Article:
Yeah, exactly. So that's just kind of what I think still trying to figure out is, how do I really set my schedule so that it works? Well, for me where I'm not burnt out?
Kate Kordsmeier 8:06
Yeah, yeah, exactly. So important. And I think too, there is this balance of figuring out what is the content that I really want to write? What are the stories I want to tell what am I excited and passionate about? Like, what's going to light me up? And then balancing that with? What are people searching for? Is this actually going to bring traffic to the site? Am I able to monetize this content in some way? And I think going all one way is never, you know, you don't want to be too extreme in either direction. So I really do think like a successful blog is finding that balance of passion and what feels good in your soul and having that strategy piece with it as well.
Jessica Cha 8:47
Yeah. Did you ever like write a post where it was more like, it's fine if I don't have any affiliate or, I guess, opportunities to make commission, but I'll just write it because I feel strongly about it about this topic.
Kate Kordsmeier 9:01
Yeah, definitely. There's a few posts that I wrote, like, I wrote this story of my son's waterbirth. And it was a very traumatic birth for me. And so I wrote that there's, I'm not making any money from that posts, like there's no, you know, affiliate links, there's no i, there's no, I didn't optimize it for search. Like I just was like, I need to get this out and tell this story. And then there's other posts to where you're writing. Like, maybe their goal is to get traffic to the post and bring more people to your site. But the post itself isn't going to be like a huge moneymaker. But it's like a way to bring more people into your sphere of influence and into your community. Yeah, so there's definitely a balance not every post is like this has to be a moneymaker. This has to be the affiliate piece or even this has to bring traffic like sometimes it's just like, I just wrote this because it was on my heart and I had needed to get it
Jessica Cha 9:55
right. Yeah, totally. I love that. I think as I'm starting to keep writing blog posts. One thing I've noticed is I get clicks to affiliate links, but very, very little purchases. So I was like, What can I do to I don't want to like, or can I say blatantly like, you know, give it a try here or like, I don't want to sound so salesy, but how do I make it sound organic, that it encourages people to say, I want to buy it kind of thing, because I do share, like my experiences, what I like about it, and all the little information and people click into it, but they don't really buy it. So it's like, how do I get this going?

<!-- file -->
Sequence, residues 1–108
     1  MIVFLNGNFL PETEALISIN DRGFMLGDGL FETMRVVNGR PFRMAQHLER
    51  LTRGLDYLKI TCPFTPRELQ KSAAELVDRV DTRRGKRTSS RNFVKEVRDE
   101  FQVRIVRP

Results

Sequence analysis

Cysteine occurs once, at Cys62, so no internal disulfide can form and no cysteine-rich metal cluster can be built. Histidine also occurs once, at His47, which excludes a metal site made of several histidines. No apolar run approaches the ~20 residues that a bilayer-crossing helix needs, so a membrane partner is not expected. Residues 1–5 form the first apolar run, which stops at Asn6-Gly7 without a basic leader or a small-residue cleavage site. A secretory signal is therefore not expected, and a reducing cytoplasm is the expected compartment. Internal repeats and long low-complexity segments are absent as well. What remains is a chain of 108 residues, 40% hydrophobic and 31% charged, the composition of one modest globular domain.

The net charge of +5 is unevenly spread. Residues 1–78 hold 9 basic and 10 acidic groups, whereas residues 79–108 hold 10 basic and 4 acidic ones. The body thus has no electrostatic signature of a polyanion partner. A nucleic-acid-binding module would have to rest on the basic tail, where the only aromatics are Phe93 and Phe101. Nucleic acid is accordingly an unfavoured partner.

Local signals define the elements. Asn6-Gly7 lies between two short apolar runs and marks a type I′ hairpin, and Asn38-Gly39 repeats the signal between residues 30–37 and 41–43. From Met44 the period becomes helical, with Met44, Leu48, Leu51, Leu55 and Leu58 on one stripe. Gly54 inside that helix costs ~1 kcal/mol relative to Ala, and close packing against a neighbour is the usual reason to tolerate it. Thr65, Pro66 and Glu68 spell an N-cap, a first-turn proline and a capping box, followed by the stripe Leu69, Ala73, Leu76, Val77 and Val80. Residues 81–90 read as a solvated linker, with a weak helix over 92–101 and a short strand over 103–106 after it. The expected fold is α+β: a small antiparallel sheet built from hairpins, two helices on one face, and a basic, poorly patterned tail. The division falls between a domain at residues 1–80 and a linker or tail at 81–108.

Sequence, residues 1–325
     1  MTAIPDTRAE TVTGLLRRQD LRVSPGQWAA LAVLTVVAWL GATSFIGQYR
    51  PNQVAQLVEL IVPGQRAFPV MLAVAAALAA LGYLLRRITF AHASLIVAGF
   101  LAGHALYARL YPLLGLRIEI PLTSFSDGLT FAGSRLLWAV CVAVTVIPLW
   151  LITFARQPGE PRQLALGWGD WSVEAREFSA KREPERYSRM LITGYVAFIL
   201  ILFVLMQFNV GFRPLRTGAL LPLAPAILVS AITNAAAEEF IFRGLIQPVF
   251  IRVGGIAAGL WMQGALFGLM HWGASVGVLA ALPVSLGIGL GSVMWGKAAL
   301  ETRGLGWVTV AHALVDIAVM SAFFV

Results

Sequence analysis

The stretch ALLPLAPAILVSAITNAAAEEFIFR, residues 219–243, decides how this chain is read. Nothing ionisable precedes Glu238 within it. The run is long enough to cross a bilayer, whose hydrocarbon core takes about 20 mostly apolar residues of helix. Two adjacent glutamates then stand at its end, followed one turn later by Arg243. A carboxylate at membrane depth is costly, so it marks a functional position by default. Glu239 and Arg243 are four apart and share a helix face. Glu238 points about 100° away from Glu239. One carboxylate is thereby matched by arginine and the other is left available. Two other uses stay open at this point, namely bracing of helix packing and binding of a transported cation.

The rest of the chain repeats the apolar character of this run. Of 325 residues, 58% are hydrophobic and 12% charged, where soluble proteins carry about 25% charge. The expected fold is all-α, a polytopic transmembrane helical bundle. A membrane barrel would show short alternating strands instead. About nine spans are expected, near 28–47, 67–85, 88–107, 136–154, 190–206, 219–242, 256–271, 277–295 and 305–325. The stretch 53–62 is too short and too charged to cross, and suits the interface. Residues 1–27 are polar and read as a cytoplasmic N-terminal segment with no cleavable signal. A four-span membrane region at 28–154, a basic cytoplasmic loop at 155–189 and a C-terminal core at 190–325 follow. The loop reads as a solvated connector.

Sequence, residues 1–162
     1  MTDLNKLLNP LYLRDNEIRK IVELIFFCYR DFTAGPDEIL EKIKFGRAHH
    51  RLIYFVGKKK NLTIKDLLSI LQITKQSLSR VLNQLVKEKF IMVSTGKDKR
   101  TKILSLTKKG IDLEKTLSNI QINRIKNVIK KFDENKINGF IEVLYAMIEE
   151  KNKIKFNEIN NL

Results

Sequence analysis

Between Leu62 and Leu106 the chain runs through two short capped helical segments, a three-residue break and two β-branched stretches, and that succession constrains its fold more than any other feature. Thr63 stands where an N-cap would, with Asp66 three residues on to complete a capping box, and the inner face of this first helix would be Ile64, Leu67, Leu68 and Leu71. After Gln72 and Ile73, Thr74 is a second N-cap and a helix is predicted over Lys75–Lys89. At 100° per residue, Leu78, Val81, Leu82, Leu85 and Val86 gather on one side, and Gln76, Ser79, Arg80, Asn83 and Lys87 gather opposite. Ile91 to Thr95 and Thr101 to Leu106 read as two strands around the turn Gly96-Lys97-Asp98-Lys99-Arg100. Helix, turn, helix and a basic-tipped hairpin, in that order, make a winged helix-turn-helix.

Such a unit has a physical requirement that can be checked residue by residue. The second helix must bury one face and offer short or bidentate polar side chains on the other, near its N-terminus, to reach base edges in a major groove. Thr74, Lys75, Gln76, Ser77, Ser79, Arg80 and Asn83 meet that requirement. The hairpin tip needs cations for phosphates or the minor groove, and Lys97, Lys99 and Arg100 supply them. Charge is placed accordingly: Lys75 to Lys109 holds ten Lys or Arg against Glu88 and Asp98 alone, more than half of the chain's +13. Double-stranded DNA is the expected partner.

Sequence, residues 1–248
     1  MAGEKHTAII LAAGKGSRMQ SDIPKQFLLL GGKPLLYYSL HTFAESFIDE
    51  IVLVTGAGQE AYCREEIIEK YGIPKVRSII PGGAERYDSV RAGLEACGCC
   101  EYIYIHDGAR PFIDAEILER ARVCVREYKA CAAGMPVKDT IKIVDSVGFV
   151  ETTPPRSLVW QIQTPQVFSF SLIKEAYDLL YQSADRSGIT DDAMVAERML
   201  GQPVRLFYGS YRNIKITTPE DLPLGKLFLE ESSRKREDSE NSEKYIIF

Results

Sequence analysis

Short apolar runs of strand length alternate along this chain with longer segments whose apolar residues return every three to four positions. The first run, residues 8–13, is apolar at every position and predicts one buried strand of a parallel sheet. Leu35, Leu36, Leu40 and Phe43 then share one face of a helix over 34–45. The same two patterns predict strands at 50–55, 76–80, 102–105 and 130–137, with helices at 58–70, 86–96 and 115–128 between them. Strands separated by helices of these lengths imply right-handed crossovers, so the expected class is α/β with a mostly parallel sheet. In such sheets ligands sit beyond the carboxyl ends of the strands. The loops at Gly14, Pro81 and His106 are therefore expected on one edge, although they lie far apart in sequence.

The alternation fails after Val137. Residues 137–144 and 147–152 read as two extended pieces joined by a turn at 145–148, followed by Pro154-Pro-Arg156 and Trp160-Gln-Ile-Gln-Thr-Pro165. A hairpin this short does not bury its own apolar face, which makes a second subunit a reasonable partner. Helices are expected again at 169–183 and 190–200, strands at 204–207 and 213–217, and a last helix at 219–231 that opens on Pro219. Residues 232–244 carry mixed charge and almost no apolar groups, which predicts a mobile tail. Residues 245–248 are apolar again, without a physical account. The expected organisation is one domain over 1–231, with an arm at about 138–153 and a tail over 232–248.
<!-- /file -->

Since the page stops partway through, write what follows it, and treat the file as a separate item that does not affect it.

Kate Kordsmeier 10:35
Yeah. So that's such a good question. And there's a couple of things that could be happening. We have a module in six FBA or less than six FBA called like troubleshooting affiliate performance. And in there, we talk about things like this, where it's like, people, nobody's clicking on my affiliate links, or people are clicking, but nobody's buying. And so there every piece, you have to kind of like peel back the onion and figure out like, well, where where's the disconnect happening? Is it happening because something in your messaging is not conflicting, but maybe it's not matching with what they're seeing when they go to the website. So maybe there's like some sort of disconnect there between the way that you're talking about it, and then they click and they're like, Oh, this is different, or they it's not what they were expecting in some way. That could be something that's happening. Maybe it's something that is, you know, a price point issue and your audience is like, I'm willing to spend $20 on a skincare product, and this is $100 product. And so they're like, I'm gonna, I'll look at it, I want to check it out. But I'm not going to purchase and maybe that could be like, are you telling them what the price is up front? Or are they waiting to find out the price until they click, and then when they do, they're like, Oh, this is, you know, this is different, or this is not what I was expecting. Again, there's maybe that like, that disconnect happening, where there's something unexpected once they click the link, one of the other things I'm thinking it could be is sometimes just really conveying the value of what that thing is. And so if if people are interested, but then they're not buying, it's because they're probably not seeing the value in the product. And so whether it's a skincare product or a course or you know, whatever it is that you're linking to, or talking about, they may not feel like it's worth it for whatever and it could be for a $5 product, like sometimes the money isn't the piece, it's just like, do they feel like it's worth the $5 or worth the time investment or something? So I think that kind of goes back to your first question. That's like, how do you talk about it without being salesy, and I think a if you're worried about being salesy, you're not going to be salesy, like the people who are salesy, don't worry about being salesy.